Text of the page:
It’s rare to see a broadcaster try something truly innovative in sports coverage, but this morning as I dragged myself out of bed I was intrigued by a new format NBCSN was trying out for covering the English Premier League.
It’s common for there to be multiple Premier League games going on at the same time. Today 9 games simultaneously kicked off at 3.00pm UK time (10.00am EST). Normally, NBCSN (or Fox Soccer before them) would have picked one of those games to broadcast in full. The criteria for deciding which of those 9 games to broadcast is probably based on which game is likely to draw the biggest audience but also, as football is still an up-and-coming sport in the USA, on which game is likely to be the most entertaining to watch.
Of course this is problematic. From NBC’s perspective, betting on one game out of the 9 available is just that - a bet. Sometimes the game they choose to broadcast turns out to be a dull 0-0 draw, hardly the best shop window for English Football and hardly likely to attract new American fans. Even if the games are nominally “exciting”, there will be periods when one team is trying to keep possession or perhaps there is a dull spell with few goalscoring chances. It’s actually not that common for a game to be an end-to-end thriller for the full 90 minutes. If you’re NBC and your goal is to sell Premier League football to the suspicious American public then these lulls in games still present problems.
This is where NBC’s “Breakaway Live” format gets interesting. It works something like this: Instead of broadcasting just one of the 9 available games, all 9 games are “multiplexed” into a single live or near-live broadcast. So as moments of action happen at different games across the UK, the guys with ADD in the NBC gallery are constantly cutting from game to game covering those moments, with Rebecca Lowe introducing each segue. Though I’ve not watched it, I’m told the format very much resembles NFL RedZone (which is possibly where NBC got the idea).
And you know what? It’s actually pretty compelling to watch, a bit like edited highlights but live. It reminds me most of the Match of the Day format used on the last day of the season when the fates of teams depend not only on their respective results but the results of their neighbours in the table. I can see this being much more of interest to the drive-by neutral sports fan in US (whom I’m guessing NBC are trying to attract) as the action is constant and hard to look away from. So in that regard this is a shrewd move by NBC.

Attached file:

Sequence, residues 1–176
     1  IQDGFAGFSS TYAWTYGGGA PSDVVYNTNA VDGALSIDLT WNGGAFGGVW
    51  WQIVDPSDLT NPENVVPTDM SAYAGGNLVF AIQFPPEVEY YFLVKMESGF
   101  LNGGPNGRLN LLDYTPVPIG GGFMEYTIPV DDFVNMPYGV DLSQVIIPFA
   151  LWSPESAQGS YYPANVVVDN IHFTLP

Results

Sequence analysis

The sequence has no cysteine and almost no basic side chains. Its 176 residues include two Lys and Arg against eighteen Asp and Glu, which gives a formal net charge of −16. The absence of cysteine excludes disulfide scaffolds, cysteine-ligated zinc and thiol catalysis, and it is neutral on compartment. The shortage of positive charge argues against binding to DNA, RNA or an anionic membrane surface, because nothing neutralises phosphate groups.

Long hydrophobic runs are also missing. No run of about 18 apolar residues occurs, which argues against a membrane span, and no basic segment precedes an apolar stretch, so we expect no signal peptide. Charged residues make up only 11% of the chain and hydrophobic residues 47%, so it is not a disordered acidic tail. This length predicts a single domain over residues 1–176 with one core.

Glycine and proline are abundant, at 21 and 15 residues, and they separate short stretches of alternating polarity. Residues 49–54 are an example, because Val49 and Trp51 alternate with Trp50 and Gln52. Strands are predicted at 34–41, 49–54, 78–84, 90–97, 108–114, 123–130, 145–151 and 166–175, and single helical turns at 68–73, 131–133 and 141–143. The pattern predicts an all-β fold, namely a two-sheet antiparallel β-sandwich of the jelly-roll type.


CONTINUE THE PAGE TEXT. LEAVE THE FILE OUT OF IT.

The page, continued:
There are some caveats though. The hardcore Premier League fan with an affiliation to a specific team is going to enjoy this less, and I have to admit that had Spurs been playing as part of the “Breakaway Live” coverage this morning I can imagine I’d have become frustrated (though with the way Spurs have been playing this season, a distraction might have actually been quite welcome). Indeed there seemed to be a fair amount of negative reaction to the format on Twitter with “this is annoying - stay with one game” being the most common reaction. Though a lot of this will the usual neophobe change aversion, NBC need to be careful that they don’t alienate the fans they have already attracted by trying to appeal to those they’re still working on. Yes - you can always use their Live Extra smartphone app to watch any of the games live in full, but as one chap pointed out to me on Twitter this does little for those watching in bars, friend’s houses etc.
It will be interesting to see if NBC persevere with the “Breakaway Live” format and for how long. To succeed I suspect they will need to offer something to placate more hardcore fans. Perhaps offer both - “Breakaway Live” coverage on NBCSN but paired with coverage of a game in full on one of NBC’s affiliates.
I hope they do persevere though as it’s good to see some innovation in this space. Plus, given the choice between watching “Breakaway Live” and yet another live Arsenal game, I’d choose “Breakway Live” every time.
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